Why Elon Musk Wants to ‘Open Source’ Twitter’s Algorithms
Social media platforms have become some of our most important sources of news. What information gets seen by whom is shaped by tightly guarded algorithms that tech companies have spent billions of dollars to develop. People on all sides of the political spectrum have voiced concerns over the impact those algorithms have in terms of promoting divisions, misinformation and hate speech, among other things. Elon Musk, who has proposed a $44 billion takeover of Twitter Inc., has vowed to make its algwashingtonpost.com
Shares of Facebook parent Meta soar despite growth slowdown
Facebook parent Meta's first quarter profit and its count of daily users jumped past Wall Street's expectations despite the company's slowest revenue growth since going public a decade ago. Meta cut a sharp contrast with Google parent Alphabet, which on Monday reported what analysts called disappointing earnings, with profit below Wall Street’s expectations. Google also reported a revenue growth slowdown, but for Meta this appeared to have been mitigated by an increase in daily active users that “was enough to send the shorts covering and the stock surging,” said Jesse Cohen, senior analyst at Investing.com.news.yahoo.com
Musk's 'free speech' push for Twitter: Repeating history?
Elon Musk, the world’s richest man, is spending $44 billion to acquire Twitter with the stated aim of turning it into a haven for “free speech.” There's just one problem: The social platform has been down this road before, and it didn't end well. A decade ago, a Twitter executive dubbed the company “the free speech wing of the free speech party” to underscore its commitment to untrammeled freedom of expression.news.yahoo.com
Europe to slap new regulations on Big Tech, beating U.S. to the punch
In the absence of comprehensive tech regulation in Washington, the European Union has filled the void. The law would force tech companies to do more to police illegal content on their sites and open up their algorithms to regulators -- or face steep fines.washingtonpost.com
Big Tech faces 'major' EU law on hate speech, disinformation
European Union officials are nearing agreement on a sweeping new law aimed at protecting internet users by forcing big tech companies like Google and Facebook to step up their efforts to curb the spread of hate speech, disinformation and other harmful content.
Project Veritas says US seized staffer info as part of probe
Conservative group Project Veritas says the Justice Department had secretly obtained from Apple and Google personal information as part of an ongoing investigation into how the organization received a diary purported to belong to President Joe Biden’s daughter.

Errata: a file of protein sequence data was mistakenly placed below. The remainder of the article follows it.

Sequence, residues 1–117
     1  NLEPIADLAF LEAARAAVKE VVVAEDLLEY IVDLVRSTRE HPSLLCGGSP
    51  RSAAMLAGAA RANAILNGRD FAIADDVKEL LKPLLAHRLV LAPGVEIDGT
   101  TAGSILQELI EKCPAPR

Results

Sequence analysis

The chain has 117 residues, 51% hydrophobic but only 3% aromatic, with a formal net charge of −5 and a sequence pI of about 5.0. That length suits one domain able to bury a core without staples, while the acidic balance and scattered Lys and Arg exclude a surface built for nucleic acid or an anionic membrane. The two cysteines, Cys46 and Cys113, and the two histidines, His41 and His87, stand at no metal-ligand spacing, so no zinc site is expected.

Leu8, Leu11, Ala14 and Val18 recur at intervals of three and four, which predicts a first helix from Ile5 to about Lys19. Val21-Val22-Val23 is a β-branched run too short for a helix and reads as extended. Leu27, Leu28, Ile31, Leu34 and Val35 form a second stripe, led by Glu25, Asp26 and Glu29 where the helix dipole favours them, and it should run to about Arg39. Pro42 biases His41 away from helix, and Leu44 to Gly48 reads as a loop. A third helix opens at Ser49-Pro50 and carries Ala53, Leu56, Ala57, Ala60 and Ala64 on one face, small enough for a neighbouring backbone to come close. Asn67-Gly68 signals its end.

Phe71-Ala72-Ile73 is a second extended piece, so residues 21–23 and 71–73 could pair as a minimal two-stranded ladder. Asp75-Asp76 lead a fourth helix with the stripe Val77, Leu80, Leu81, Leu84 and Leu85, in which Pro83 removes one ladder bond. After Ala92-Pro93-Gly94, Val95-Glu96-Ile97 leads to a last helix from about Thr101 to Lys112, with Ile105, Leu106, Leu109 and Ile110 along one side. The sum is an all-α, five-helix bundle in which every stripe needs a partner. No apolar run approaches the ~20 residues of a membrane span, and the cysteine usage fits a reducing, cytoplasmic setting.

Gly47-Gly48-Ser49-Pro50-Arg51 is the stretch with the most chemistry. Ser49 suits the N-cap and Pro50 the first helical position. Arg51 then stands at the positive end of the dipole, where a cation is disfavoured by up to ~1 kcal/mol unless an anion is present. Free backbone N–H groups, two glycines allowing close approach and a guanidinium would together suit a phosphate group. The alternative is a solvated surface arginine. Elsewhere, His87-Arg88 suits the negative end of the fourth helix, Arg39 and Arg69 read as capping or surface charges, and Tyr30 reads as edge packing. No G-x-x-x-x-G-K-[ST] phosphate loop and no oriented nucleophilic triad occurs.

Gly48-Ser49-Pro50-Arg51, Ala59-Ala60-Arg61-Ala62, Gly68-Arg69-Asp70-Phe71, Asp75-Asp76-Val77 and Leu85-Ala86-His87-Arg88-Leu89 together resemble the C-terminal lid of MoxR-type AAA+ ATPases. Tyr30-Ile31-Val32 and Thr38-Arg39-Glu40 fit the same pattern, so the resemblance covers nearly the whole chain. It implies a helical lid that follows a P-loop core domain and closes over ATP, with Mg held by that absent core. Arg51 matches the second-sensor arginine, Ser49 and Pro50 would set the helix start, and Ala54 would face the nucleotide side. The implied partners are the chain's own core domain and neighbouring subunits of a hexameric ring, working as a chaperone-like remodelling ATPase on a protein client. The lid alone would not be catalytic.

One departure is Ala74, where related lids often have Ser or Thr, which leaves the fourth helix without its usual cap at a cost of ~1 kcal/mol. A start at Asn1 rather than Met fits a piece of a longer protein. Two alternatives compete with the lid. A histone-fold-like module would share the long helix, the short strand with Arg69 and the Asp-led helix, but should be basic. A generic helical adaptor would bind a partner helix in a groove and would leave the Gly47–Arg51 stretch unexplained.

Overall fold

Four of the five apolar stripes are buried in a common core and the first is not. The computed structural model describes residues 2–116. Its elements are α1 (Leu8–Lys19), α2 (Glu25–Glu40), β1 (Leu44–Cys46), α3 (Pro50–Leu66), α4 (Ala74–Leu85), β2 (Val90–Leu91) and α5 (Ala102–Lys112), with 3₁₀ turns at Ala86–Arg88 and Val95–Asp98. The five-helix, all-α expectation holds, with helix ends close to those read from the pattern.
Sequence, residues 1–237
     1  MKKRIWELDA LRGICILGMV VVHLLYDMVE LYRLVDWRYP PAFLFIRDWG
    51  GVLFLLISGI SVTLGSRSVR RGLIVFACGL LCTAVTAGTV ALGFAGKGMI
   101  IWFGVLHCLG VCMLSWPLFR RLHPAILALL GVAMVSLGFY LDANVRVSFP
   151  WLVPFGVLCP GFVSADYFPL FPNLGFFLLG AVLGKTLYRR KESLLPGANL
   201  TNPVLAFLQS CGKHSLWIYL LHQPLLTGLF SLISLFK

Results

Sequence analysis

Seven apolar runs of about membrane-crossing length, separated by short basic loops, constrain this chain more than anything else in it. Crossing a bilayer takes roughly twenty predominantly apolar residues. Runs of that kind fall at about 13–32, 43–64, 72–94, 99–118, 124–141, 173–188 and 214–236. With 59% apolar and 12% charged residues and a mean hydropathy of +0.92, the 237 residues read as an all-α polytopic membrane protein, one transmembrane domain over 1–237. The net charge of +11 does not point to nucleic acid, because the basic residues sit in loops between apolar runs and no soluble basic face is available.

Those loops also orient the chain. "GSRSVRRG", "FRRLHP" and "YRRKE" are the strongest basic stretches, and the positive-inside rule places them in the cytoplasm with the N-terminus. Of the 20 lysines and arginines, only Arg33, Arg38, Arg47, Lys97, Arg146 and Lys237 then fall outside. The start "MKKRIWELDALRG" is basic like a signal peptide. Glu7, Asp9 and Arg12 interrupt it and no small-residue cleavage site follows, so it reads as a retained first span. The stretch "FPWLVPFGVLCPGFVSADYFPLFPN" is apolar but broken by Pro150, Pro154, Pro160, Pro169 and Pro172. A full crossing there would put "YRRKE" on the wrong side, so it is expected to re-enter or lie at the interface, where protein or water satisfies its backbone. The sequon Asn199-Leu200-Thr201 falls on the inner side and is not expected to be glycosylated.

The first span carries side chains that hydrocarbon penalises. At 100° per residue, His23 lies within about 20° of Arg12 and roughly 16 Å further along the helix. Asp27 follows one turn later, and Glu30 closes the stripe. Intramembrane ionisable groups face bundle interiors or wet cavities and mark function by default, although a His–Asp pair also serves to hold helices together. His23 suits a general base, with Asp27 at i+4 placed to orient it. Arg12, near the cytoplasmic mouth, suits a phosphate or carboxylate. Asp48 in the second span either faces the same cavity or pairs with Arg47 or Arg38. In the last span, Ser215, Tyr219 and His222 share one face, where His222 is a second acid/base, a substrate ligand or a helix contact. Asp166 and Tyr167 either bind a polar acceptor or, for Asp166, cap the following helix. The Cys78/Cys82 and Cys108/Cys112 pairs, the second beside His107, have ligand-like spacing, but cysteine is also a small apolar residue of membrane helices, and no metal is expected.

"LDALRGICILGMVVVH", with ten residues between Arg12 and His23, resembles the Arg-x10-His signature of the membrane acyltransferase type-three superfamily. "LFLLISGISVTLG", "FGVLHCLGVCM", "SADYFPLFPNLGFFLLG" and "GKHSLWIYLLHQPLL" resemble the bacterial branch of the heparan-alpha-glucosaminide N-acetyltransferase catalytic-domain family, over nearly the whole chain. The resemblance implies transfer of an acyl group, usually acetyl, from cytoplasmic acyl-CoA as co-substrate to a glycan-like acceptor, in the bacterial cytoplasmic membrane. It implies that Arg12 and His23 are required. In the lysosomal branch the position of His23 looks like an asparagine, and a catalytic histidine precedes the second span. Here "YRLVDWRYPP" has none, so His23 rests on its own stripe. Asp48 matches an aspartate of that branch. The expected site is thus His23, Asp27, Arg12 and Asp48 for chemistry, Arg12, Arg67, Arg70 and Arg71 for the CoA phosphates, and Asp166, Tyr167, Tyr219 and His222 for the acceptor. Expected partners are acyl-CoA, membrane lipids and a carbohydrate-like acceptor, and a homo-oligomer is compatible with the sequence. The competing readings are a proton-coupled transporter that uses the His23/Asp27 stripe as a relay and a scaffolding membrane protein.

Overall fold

US, EU sign data transfer deal to ease privacy concerns
The European Union and United States made a breakthrough in their yearslong battle over the privacy of data that flows across the Atlantic with a preliminary agreement that paves the way for Europeans’ personal information to be stored in the U.S. President Joe Biden and European Commission President Ursula von der Leyen announced the deal Friday during Biden’s stop in Brussels while on a European tour amid Russia’s war in Ukraine.
Lawsuit says Google discriminates against Black workers
A former Google employee sued the tech giant saying it engages in a “pattern and practice” of racial discrimination against its Black workers, steering them into lower-level and lower-paid jobs and subjecting them to a hostile work environment if they speak out.
Kamala Harris art, 'Daily Show' lead Anthem Awards finalists
An art installation inspired by Vice President Kamala Harris, The New York Times’ “The 1619 Project” and “The Daily Show with Trevor Noah,” as well as charitable programs from Airbnb, Google, PayPal and the National Football League, are among the finalists for the inaugural Anthem Awards announced Tuesday.
New step to curb tech giants' power advanced by Senate panel
Congress has taken a new step toward reining in the market dominance of Big Tech. Bipartisan legislation advanced by a Senate panel would bar the dominant online platforms from favoring their own goods and services over those of rivals on the platforms.
Apple, Google raise new concerns by yanking Russian app
Apple’s and Google’s cooperation with the Russian government’s efforts to suppress an app opposed to the ruling regime is escalating concerns about whether Big Tech’s pursuit of ever-higher profits has trampled their commitment to protecting civil rights.